While both dubs are decent enough that you should be happy with whatever your language preference is, the English dub is quite good in comparison to earlier dubs produced / commissioned by Aniplex of America. Bryce Papenbrook and Cherami Leigh suit the lead roles of Kirito and Asuna nicely, with other notable voice actors / actresses including Patrick Seitz as Agil, Sarah Williams as Lisbeth and Kirk Thornton as Klein.
Unlike the North American release which came with a wealth of extra goodies, the Australian release which was published by Madman Entertainment only came with clean opening and ending sequences. Similar to what the publisher did with Wolf Children, they did however sneak something little in the case of (at least) their first print releases – seven art cards based on characters from the series. They are quite nice to look at, but something you would never reasonably use other than to occasionally stare at and admire.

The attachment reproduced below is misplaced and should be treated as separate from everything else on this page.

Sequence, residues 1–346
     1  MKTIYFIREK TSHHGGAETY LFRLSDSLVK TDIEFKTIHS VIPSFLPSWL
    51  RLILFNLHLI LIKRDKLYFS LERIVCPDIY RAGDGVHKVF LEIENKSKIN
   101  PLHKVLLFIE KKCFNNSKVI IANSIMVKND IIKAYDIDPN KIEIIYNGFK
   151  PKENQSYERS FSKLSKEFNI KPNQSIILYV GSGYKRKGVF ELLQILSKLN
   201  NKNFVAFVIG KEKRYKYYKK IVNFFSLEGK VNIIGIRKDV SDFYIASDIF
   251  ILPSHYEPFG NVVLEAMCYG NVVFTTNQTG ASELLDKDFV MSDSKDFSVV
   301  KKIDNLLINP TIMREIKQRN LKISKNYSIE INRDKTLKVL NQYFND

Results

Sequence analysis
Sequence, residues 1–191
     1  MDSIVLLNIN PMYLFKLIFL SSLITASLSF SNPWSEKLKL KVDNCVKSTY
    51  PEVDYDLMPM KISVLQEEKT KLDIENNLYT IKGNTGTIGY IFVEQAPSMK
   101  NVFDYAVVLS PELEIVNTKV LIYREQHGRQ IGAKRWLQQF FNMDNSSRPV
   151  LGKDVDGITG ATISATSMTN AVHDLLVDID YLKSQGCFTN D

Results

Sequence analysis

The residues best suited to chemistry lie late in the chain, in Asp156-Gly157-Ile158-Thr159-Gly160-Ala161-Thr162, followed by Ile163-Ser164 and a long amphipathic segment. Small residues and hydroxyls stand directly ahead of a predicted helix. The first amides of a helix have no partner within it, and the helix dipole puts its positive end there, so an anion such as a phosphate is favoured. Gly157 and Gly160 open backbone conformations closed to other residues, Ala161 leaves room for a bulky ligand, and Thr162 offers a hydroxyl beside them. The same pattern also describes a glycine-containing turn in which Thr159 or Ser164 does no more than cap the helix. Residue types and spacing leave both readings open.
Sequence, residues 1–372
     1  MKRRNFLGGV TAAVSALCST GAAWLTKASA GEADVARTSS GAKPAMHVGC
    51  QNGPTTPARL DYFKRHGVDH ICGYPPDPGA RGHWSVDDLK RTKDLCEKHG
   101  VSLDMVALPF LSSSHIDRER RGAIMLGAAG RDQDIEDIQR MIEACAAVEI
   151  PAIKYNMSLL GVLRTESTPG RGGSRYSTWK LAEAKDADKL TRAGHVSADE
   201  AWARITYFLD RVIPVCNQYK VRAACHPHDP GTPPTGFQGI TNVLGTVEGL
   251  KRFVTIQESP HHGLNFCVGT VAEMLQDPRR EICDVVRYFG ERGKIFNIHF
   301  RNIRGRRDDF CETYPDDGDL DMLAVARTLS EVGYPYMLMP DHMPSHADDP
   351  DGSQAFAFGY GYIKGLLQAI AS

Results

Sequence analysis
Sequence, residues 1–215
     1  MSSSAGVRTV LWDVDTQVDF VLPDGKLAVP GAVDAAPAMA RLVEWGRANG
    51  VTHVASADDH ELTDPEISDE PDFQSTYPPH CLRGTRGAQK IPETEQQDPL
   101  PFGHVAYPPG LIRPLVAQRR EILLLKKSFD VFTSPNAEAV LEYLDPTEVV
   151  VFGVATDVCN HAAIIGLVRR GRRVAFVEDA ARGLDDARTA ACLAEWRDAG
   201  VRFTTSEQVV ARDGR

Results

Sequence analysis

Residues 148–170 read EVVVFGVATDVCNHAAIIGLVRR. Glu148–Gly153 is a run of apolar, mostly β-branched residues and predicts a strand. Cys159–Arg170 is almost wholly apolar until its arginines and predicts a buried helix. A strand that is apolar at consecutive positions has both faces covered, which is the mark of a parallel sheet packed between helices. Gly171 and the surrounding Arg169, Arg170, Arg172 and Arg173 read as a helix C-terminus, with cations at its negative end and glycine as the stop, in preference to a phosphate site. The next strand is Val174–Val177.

Final Words on Sword Art Online Vol. 1 Aincrad Part 1
Being only seven episodes into the series, it is hard for me to comment on this series as the main plot doesn’t seem to have gotten into full gear just yet. With the Aincrad arc set to conclude next volume (To be released in January 2014) however, I will be interested in seeing how they resolve the arc and if they end up rushing things just to squeeze the Alfheim arc in the same 25-episode season. The production team so far have shown some interesting ideas and the writers have evidenced that they have a good handle of the online world environment. Let’s hope this trend continues when they can’t just hide behind episodic events.